Marysol Asencio has been woven into sociological networks long before she joined our department in 2016. A D.PH in Public Health from Columbia University, Marysol joined UCONN’s School of Family Studies (as it was known then) in 1998. During her time at UCONN, she has held a joint appointment with El Instituto, (formerly known as Puerto Rican and Latino Studies). She served as the Associate Director and Interim Director of the Institute at different times, stepping up to these positions whenever there was a need to carry on the work of the Institute. She was a SSRC fellow (2003-2004), and the first UCONN faculty member to get a Ford Foundation grant in 2005 to develop and solidify interdisciplinary scholarship around Latinx sexualities and queer Latinidad. She has served on numerous university committees with her customary energy and integrity.
Ever-generous with her time, Marysol has not only helped to develop the field of sexualities, especially around Latinx sexualities, she made a commitment to building and deepening equity throughout her career. She has been a mentor and advisor to many students of color over two decades building up a pipeline of underrepresented scholars from UCONN. She mentored numerous Latinx, African American, and Asian American students and faculty. She designed many courses on the intersections of racism, gender, and sexuality. At the national level she worked with many sociologists to build up generations of Latinx and sexuality scholars; our discipline has benefitted from her expertise. She has worked consistently with many Latinx community groups in Connecticut, as well as the National Latina Institute for Reproductive Justice.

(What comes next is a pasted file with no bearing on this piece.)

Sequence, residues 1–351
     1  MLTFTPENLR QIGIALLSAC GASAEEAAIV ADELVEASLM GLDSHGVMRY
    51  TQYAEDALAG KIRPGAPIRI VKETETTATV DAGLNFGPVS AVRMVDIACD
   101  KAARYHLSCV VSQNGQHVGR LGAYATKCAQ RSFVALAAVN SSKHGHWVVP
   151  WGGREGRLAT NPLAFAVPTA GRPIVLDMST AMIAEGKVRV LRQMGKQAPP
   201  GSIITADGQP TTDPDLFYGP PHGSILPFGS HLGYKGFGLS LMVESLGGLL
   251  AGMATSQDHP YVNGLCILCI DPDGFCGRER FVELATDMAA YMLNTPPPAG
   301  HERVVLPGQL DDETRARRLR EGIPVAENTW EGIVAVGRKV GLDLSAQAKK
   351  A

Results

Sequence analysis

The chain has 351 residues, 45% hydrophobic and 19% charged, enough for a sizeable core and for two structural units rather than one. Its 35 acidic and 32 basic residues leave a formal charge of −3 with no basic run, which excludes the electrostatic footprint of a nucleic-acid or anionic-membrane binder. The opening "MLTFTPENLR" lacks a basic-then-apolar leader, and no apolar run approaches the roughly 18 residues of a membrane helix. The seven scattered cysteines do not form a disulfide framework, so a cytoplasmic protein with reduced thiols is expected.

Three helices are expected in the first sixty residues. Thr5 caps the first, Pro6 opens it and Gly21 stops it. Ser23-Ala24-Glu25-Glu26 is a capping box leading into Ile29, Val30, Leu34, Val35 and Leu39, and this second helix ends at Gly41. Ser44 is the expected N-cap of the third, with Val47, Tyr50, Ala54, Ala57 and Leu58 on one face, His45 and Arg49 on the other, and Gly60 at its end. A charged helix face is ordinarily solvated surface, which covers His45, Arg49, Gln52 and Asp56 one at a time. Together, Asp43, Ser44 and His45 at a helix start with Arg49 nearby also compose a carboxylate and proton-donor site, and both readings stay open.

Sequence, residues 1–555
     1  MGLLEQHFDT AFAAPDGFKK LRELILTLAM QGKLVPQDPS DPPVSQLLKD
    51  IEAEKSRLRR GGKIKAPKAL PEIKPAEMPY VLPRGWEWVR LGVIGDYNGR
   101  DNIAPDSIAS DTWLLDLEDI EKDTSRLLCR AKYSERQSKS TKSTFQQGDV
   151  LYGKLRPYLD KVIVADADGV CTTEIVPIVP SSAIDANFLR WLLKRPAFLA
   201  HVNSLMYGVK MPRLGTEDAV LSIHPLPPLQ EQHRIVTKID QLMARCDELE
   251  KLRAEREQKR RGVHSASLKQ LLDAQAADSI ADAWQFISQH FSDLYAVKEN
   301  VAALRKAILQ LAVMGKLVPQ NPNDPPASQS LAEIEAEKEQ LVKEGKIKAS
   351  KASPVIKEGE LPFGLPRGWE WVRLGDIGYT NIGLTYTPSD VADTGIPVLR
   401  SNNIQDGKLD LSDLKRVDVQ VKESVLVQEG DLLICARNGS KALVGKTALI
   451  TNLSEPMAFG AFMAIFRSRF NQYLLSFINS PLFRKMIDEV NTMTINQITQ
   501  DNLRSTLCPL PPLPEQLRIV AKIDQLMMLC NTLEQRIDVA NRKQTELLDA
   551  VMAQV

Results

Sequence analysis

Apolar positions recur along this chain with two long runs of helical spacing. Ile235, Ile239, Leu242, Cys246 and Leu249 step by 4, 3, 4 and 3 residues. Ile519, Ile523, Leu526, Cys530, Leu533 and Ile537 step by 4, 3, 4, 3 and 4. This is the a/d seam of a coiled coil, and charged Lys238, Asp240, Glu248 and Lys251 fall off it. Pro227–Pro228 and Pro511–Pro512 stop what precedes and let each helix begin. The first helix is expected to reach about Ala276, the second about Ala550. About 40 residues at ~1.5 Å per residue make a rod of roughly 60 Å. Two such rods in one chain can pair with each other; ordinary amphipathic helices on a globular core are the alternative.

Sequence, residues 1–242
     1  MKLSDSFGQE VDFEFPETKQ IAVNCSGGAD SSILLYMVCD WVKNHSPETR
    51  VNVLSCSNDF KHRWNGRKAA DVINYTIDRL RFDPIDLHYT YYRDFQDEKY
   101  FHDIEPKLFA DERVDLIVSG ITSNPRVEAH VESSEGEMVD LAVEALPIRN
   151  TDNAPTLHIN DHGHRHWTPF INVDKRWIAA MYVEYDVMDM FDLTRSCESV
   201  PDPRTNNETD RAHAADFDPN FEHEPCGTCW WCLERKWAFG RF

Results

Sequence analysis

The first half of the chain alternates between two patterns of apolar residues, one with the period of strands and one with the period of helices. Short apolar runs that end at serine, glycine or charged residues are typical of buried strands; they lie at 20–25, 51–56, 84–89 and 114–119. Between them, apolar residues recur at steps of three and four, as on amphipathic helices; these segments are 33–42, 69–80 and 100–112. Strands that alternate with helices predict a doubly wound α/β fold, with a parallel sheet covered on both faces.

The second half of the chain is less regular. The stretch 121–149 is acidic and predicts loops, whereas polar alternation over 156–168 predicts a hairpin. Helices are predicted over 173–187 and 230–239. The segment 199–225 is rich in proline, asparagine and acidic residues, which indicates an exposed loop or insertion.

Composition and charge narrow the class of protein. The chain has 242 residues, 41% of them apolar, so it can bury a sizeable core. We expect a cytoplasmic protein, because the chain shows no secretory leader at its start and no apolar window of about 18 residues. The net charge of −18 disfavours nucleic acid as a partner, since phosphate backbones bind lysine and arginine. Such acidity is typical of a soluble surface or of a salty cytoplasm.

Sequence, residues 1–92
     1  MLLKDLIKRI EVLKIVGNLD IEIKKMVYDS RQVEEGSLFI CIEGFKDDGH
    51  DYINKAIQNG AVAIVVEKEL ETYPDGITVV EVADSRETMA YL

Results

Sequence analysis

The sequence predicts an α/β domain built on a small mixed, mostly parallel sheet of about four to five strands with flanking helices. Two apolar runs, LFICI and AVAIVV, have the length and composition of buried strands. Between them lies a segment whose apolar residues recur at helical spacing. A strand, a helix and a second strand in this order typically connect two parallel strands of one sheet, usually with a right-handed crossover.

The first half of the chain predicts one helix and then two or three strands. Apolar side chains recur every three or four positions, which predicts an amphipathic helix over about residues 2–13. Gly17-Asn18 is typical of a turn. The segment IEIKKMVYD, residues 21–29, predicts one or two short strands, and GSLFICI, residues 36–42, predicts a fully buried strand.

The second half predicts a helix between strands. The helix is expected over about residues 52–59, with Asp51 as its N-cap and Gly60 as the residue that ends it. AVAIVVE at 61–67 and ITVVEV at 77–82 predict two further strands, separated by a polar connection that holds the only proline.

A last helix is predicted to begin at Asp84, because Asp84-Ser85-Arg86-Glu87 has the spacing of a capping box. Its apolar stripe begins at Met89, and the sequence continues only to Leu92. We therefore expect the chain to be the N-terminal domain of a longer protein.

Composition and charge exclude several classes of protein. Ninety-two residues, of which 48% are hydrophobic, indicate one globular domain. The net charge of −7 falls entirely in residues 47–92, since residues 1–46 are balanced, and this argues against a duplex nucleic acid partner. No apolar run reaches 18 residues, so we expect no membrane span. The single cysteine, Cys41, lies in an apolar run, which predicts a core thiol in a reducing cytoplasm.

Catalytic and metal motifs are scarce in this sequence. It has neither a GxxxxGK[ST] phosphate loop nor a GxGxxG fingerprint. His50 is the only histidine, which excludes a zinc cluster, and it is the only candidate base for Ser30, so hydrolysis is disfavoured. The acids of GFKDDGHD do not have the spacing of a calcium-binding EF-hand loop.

Marysol has always expressed a sense of gratitude to colleagues in the department for welcoming her, while we, collectively, have benefitted from her always-enthusiastic presence.
From power suits to power ballads, Davita is truly a Renaissance woman. Most of us know her list of scholarly accomplishments, which include being the author/co-author/co-editor of a dozen books and more than forty articles/book chapters. Her collaborations with many students led her to be recognized twice with the Sociology Graduate Faculty Mentoring Award. Her 2011 co-edited volume, Human Rights in our Own Back Yard: Injustice and Resistance in the United States, won The American Sociological Association’s Gordon Hirabayashi Human Rights Book Award in 2013. The book was co-edited with William T. Armaline, a former graduate student, and our colleague, Bandana Purkayastha. Davita was among the founding sociologists for the human rights thematic group within the American Sociological Association. She also served as President for Sociologists without Borders. Her tremendous service to UCONN includes seven years as Sociology Department Head, five years as Associate Dean, and two years as Interim Dean. While serving in the Dean’s office, she continued to teach her Introduction to Sociology general education class. She did all of this while being an amazing mother to two wonderful kids and then grandmother to her two beloved grandkids. Her multiple talents don’t end there. Many of us also know her as the lead singer and percussionist for her band, Off Yer Rockers.